On the downside, it is still a relatively newer product and thus the size of the user base and additional features such as documentation may not be as detailed or diverse as one would want it to be.
, the last eCommerce platform on our list, offers just the most essential and oft-used eCommerce features. Just like Magento and OpenCart, PrestaShop too lets you manage multiple stores via one admin panel. The software itself has been translated into 56 languages so far.
Furthermore, PrestaShop offers features such as one-page checkouts, product reviews and ratings, analytics, catalog management, tax settings, and so on. It is over five years old and has a loyal community with over 500,000 registered members and detailed documentation.
The USP of PrestaShop lies in its user-friendly approach, which sets it apart from solutions such as Zen Cart and Magento Community Edition. It is not entirely targeted towards web developers, and thus, even if you have relatively limited technical skills, you can manage a small-sized store using PrestaShop. Thus, if you find Magento CE or Zen Cart to be outright too complicated, PrestaShop might be the product meant for you.
Just to help you put things in perspective, here is a chart that I generated from Google Trends
What do you think of these open source eCommerce solutions? Used any/all of these? Any most loved or hated one? Share your thoughts and experiences with us in the comments below!
OSCommerce and openCart are god awful programs. Avoid these two at all costs. Very troublesome to customize, and the features are just not there yet.
What is happening with Magento? It looks good but on the surface appears to have run out steam. Its community version hasn’t had a release in over a year.
Yes, the current version (220.127.116.11) was released over a year ago, but there is a 1.8 version in alpha that was available for download as of April of this year. Take a look at the Release Archive history at http://www.magentocommerce.com/download.
As an OSCom user of about 5 years now and multiple developed sites, I can say OSC is not an easy platform, but very powerful. If you’re willing to get in-depth PHP, SQL programming, use it and you will be amazed at all the plugins and features. I would compare the difference between the other platforms as willing to get down and dirty with a 30yo car utilizing its simplcity, but ability to overperform, vs. getting a new car and settling for what rolls out showroom. It is VERY customizable, but requires good programming knowledge. It is in no way the kind of click-to-install and setup WordPress kind of knowledge.
The security issues were a big problem, but this is also due to the number of stores out there and webdevs and “selfdevs” failing to update security features.
Anyone interested in OSC should have a look at OSCMax, which is an opensource well put together version of various addons and pretty regularly updated.
Afaik, many of the newer ecom platforms are OSC in their core anyways.
Cheers and good luck with your ecom dev endevours!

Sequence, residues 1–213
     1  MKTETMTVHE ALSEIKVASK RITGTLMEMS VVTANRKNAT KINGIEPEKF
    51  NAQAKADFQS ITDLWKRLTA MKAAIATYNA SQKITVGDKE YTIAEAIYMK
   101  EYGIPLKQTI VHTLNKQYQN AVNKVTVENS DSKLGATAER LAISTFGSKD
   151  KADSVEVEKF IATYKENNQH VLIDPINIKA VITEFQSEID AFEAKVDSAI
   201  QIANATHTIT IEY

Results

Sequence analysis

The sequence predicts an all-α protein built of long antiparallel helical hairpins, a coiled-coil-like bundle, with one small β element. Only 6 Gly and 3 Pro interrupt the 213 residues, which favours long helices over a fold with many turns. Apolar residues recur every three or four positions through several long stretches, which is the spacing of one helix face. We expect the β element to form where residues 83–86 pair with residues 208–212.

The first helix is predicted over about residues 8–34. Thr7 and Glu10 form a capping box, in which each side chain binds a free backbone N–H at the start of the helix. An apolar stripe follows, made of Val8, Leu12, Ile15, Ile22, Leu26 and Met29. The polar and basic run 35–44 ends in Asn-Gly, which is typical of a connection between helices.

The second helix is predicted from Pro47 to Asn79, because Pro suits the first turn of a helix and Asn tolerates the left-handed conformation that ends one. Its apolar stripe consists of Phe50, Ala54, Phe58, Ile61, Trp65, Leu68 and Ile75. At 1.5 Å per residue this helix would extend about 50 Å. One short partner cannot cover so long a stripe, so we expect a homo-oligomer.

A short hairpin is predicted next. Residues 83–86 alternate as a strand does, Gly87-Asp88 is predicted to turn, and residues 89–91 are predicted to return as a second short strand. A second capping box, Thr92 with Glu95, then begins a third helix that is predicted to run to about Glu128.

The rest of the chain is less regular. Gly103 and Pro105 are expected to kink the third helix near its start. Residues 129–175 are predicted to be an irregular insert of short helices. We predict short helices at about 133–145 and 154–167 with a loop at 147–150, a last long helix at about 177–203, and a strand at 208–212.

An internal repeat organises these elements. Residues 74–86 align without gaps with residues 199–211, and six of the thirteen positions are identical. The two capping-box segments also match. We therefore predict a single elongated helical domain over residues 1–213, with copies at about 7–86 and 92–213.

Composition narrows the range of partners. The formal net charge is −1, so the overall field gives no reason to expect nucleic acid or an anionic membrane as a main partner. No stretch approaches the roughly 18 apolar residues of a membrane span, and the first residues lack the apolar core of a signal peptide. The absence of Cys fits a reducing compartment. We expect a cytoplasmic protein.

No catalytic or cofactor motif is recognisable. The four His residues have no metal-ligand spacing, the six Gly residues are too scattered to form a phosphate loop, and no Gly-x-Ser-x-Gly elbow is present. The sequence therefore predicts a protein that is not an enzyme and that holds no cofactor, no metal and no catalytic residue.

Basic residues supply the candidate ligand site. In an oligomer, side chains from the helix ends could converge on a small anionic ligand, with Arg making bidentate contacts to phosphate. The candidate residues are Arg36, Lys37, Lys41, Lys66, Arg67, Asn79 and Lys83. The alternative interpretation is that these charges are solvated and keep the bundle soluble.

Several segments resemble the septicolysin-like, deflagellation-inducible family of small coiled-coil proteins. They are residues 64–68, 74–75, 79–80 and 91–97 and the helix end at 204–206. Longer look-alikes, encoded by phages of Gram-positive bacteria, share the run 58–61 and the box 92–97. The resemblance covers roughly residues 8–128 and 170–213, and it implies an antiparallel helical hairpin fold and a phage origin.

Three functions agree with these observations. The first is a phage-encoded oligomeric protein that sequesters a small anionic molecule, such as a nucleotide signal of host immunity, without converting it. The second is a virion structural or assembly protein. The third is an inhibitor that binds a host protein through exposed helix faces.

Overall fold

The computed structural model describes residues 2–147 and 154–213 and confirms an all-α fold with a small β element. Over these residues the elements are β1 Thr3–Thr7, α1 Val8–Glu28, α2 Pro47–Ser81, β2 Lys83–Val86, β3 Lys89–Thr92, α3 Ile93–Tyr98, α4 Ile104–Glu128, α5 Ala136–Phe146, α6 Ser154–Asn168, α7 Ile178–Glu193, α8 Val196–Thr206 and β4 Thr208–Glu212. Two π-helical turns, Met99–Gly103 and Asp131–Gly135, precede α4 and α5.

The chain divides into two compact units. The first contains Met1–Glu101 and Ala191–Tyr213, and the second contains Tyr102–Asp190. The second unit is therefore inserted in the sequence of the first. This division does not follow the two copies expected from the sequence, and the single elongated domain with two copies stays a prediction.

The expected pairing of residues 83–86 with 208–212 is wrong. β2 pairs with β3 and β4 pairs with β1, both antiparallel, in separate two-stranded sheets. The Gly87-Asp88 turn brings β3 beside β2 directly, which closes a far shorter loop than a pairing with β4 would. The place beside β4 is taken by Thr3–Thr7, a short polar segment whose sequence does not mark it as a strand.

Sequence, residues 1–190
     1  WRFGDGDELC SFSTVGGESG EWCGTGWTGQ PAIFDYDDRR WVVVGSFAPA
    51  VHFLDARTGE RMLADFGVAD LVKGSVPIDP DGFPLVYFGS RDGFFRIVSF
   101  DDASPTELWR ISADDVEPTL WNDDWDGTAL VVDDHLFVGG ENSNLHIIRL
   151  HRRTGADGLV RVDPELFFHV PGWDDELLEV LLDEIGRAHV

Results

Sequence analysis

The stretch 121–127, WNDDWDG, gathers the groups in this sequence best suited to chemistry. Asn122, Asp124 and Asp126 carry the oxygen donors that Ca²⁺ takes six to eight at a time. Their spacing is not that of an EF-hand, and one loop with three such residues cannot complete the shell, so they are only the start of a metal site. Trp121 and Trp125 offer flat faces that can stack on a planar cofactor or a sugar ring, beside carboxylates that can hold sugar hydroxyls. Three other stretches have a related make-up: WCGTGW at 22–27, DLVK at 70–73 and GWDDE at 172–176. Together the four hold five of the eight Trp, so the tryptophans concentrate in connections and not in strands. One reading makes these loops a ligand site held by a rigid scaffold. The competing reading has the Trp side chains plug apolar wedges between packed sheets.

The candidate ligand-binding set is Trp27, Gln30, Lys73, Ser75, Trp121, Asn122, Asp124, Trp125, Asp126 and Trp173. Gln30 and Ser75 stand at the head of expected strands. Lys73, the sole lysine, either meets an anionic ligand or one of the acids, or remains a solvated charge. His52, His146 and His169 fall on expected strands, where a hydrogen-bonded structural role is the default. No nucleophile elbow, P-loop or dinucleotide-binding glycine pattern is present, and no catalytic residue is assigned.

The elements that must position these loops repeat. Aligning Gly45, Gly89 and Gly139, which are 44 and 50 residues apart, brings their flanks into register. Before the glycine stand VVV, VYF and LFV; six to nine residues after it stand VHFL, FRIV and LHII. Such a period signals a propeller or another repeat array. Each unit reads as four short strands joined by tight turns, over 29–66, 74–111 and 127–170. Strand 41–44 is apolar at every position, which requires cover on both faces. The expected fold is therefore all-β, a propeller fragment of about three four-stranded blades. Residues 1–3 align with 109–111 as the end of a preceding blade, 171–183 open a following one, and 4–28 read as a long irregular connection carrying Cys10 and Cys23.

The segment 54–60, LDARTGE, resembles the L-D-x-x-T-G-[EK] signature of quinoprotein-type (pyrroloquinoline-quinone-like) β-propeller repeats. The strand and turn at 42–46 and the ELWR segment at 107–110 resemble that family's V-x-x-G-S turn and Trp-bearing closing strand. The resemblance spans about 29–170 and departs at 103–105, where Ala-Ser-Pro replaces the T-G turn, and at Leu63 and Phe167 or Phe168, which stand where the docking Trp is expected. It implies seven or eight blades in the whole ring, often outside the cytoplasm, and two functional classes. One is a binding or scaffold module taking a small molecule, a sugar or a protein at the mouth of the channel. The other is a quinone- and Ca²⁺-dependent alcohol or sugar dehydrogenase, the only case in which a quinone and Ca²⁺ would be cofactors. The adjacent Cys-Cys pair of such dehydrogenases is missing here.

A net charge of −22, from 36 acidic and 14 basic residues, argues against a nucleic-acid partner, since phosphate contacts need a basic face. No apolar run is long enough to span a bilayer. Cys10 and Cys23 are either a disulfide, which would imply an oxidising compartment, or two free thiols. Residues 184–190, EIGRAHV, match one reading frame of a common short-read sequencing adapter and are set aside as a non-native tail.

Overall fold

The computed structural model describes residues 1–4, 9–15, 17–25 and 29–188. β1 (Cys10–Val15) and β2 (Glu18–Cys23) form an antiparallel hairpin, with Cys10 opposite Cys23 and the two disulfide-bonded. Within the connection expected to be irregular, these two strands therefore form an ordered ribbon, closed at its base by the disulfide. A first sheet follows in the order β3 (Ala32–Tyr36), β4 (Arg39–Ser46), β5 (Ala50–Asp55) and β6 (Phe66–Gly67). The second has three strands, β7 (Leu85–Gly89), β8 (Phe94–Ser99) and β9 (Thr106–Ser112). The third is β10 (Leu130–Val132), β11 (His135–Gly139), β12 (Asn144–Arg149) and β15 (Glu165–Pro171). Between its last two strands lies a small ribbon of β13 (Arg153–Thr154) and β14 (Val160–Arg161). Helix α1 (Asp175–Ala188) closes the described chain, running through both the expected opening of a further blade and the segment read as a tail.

I have experience with all above applications. There was time for oscommerce and zencart. That time has passed. Trend suggests that as well.
Magento is a choice for companies with large budget. I call it good monster.
Prestashop is good cart but with messy code and UI.
I say yes to Opencart for small merchants, but it is very simple when it comes to features.
My favorite nowadays is a Abantecart. It stays in between. Great code, good UI, many features and yet easy to use.
Zencart was originally based on osCommerce 2.x code with enhancements added by a group of osCommerce third-party developers who formed the Zencart team. As is Magento, Zencart and osCommerce are programmed using the PHP language. However, osCommerce was originally developed using PHP version 3.x and later updated to PHP 4.x. Zencart and osCommerce 2.x were developed using what is known as procedural code largely because object- oriented programming did not truly exist until PHP 5.x was released. Zend, the developer of PHP also developed the Zend Framework. Magento was developed using PhP 5.x and the Zend Framework using moderm object oriented principles. Although osCommerce 3.x uses more object oriented classes and its own framework, it never seemed to recover from its procedural code past. I have not used Zencart in several years, but it’s decrease in popularity may have resulted from a similar mindset.
i’m not familiar with OpenCart or PrestaCart so I cannot comment on those. If OpenCart and PrestaCart are based on object-oriented frameworks of their own or third party object-oriented frameworks, that programming paradigm offers the potential for more modular (expandible and adapable) code execution and faster code execution.
The key to getting any e-commerce application to execute as quickly as possible is learn as much as you can about data, file, and object caching. These are caching software programs running under the PHP interpreter to increase the speed of applications by reusing frequently used data, files, and programming objects. Some hosts offer support for one or more caching schemes, some do not offer caching support at all. The databases used to store your product data need to be optimized for the number of records stored in the data tables. As sites grow in popularity and more product records are added, good database management is essential.
You can start off small with simple application requiring little programming skill or other intricacies of e- commerce site management, but if your site becomes successful, you either need to educate yoursel or hire professional help.